Tencent's Qzone apologizes after 'comfort women' emojis spark outrage

Qzone, a social network by Tencent, has apologized and removed emojis created using stills from the recent documentary "Twenty-Two".

A screenshot of a set of Qzone emojis based on the documentary Twenty-Two.

Qzone, a social network by Tencent, has apologized and removed emojis of the so-called "comfort women" — women captured by Japanese during their invasion of China in World War II and forced to work as sex slaves — after the creations sparked outrage among Chinese netizens.

The emoticons used stills from popular documentary "Twenty-Two," which features the stories of 22 "comfort women." The film premiered in cinemas on August 14.

Some of the emojis had captions added such as "I was really wronged" or "at a loss."

Chinese netizens expressed their anger about the emojis which they said showed a lack of respect to the victims. Some even called for the creator to be punished.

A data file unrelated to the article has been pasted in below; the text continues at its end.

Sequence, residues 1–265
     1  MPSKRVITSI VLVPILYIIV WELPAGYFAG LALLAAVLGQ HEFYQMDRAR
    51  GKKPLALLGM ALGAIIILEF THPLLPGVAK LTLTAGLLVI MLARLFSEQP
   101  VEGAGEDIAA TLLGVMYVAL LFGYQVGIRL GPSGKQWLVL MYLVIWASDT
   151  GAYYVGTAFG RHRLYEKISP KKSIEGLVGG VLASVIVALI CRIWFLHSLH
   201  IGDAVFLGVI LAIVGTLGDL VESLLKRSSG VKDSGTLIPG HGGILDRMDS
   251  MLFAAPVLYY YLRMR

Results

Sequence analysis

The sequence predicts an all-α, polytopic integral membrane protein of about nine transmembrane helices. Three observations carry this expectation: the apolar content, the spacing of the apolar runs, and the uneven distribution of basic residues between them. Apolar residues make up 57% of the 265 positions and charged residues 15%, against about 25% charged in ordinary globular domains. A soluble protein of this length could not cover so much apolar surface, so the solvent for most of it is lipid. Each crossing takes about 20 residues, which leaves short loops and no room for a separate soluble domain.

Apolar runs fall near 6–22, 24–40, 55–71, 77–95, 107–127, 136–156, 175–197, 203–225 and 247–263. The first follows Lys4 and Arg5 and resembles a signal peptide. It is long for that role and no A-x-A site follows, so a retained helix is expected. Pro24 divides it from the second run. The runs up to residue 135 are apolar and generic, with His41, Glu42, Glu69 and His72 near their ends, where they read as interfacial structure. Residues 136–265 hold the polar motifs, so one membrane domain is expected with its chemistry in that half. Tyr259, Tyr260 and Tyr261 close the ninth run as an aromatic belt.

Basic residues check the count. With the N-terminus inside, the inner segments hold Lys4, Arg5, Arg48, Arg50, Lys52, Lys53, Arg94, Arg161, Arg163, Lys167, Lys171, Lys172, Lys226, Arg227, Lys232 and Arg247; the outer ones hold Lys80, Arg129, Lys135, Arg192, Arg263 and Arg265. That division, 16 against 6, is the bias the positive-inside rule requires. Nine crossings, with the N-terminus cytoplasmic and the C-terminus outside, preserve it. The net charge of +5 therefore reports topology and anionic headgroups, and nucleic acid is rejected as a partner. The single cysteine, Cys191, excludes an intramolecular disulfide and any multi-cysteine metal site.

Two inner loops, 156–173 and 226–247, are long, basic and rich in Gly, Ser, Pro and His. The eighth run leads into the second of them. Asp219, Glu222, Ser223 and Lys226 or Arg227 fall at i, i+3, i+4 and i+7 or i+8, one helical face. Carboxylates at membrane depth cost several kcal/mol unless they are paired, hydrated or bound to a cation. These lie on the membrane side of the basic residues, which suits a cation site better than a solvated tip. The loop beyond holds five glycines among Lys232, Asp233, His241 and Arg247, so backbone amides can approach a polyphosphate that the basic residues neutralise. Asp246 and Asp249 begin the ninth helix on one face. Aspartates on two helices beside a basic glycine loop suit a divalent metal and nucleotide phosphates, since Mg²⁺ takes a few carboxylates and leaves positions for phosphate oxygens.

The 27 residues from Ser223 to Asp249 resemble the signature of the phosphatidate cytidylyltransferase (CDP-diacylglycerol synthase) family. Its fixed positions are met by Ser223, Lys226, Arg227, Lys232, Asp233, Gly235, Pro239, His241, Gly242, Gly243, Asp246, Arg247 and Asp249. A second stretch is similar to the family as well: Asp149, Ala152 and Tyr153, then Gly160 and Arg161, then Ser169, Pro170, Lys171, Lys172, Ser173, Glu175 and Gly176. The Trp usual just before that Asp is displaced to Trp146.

Qzone made an apology on its official Weibo account on Monday, saying they had removed all the emojis and that they were provided by a third-party company. "The incident exposed the product team's flaws in our content supervision and reviewing mechanisms. We will immediately launch a self-investigation and make improvements."

"We will take this as a lesson and prevent such a matter from happening again," it added.

Soon after, the social media account of the documentary "Twenty-Two" shared Qzone's Weibo post and said, "Thanks for all the concern and support from the public, the matter has been solved."

The third party company that Qzone mentioned in their statement has yet to make a comment.

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